In the news: The Golden Lion Pub

Written by: Adam Branson
Published on: 15 Apr 2014

The Gold Lion, Camden

Earlier this week it emerged that a north London council had removed a new permitted development right introduced by the government last year in an effort to protect a pub in Camden from being redeveloped.

The Golden Lion pub in Camden is currently subject to a planning application to change the use of its upper floors into four residential flats, while maintaining a small section of the pub use at basement and part ground floor level.

The developers, Norreys Barn Limited, also requested a Certificate of Lawfulness to allow the basement and ground floors to be changed from a pub to A2 use (financial and professional services). These applications are yet to be decided.

However, the London Borough of Camden moved to save the pub, issuing an article 4 direction that immediately removes the permitted development rights on the building.

Dale Ingram, director of consultancy Planning for Pubs who represented the family who run the Golden Lion in their battle against Norreys Barn, tells her story.

How did you get involved with the Golden Lion?

I first got involved with the poor old Golden Lion in 2012, about two years ago. I met the current tenant Dave Murphy and his lawyer when the freehold of the pub had been sold to a developer. The pub is a happy and moderately successful community pub, which has been there for a very long time and has an extremely loyal following. My client had been there since 1978. His parents Mary and John Murphy ran the pub and Mary is still there and runs the pub on a day-to-day basis despite being in her 80s. Dave Murphy is in his early-40s and is basically the nominal head.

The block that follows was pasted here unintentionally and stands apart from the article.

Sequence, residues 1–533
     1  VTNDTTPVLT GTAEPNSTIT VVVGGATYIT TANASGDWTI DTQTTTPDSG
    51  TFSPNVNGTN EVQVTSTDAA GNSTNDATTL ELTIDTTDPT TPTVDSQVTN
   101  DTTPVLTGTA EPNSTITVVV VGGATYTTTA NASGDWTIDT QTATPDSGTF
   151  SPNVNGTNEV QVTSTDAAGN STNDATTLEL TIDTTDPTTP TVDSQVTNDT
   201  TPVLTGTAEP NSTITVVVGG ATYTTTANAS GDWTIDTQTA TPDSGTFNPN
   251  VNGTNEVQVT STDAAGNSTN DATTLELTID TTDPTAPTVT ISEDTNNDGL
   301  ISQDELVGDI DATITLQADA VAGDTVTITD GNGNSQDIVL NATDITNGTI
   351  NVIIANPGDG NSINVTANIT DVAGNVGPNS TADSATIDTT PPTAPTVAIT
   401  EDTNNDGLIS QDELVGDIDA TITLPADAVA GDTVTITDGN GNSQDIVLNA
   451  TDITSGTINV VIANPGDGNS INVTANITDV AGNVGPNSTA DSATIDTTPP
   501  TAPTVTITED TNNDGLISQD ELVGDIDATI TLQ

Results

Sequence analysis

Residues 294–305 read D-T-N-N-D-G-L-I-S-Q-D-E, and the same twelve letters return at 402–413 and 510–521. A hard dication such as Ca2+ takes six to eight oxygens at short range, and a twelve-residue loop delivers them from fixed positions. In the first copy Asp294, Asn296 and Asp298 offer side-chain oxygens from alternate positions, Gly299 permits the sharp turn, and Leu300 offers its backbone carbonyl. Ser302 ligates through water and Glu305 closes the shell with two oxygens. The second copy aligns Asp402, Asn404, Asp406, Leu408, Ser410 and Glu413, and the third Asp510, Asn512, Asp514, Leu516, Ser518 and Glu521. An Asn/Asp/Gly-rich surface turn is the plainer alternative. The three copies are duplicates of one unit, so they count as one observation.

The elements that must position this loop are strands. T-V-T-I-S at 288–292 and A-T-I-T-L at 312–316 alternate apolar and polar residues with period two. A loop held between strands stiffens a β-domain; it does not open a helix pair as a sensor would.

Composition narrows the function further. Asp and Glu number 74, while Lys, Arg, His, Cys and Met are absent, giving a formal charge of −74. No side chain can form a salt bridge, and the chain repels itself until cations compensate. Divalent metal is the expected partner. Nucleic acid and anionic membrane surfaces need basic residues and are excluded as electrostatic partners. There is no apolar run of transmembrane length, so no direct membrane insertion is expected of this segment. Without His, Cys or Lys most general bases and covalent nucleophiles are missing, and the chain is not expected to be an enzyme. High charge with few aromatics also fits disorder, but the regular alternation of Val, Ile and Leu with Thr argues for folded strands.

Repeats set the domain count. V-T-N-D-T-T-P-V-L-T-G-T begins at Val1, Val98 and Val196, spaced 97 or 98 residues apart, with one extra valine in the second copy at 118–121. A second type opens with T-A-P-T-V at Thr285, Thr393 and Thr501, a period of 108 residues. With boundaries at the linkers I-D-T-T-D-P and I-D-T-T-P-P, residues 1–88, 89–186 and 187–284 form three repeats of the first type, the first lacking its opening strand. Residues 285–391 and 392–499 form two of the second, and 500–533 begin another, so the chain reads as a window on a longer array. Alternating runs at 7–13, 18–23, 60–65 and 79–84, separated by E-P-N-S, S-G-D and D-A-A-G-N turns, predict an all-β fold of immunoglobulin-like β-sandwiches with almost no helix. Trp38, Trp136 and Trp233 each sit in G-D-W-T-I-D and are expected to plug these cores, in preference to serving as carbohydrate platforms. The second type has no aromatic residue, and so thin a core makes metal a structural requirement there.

When did it become apparent that the future of the pub was under threat?

There was a planning application in late 2012 to convert the whole building into flats, which was refused by Camden in March 2013. The council maintained that it was a heritage asset and that it was a pub serving a community use, which is protected in their local plan policy. Then the developer’s planners launched an appeal, which was held by a hearing in November last year. The inspector’s decision came out in December and said that the application should be refused to protect the pub use.

That sounds pretty straightforward so far…

Yes, but in September the developer had submitted a second planning application for a new scheme that said it would keep the pub use on the ground and cellar floors, extend the building to the side and convert the upper floors into flats. On the face of it, that’s fine. As a professional I’ve worked on several schemes just like it. However, I was worried that what would happen would be that the developer would use permitted development rights subsequent to a grant of consent to convert the pub to other kinds of commercial uses, either for other A-class uses or, under the revisions to the General Permitted Development Order (GPDO) last year, to a temporary two-year use as offices.

So how did you respond to the second application?

As soon as the second planning application went in we made an application for the pub to be listed as an asset of community value (ACV). The hearing on the first application was on the 12th November when the ACV application was still pending at the town hall. They were clearly waiting to find out what the planning inspector’s view was on the application, because when the decision came out on 12th December four hours later the email arrived from Camden saying that the pub had been granted ACV status.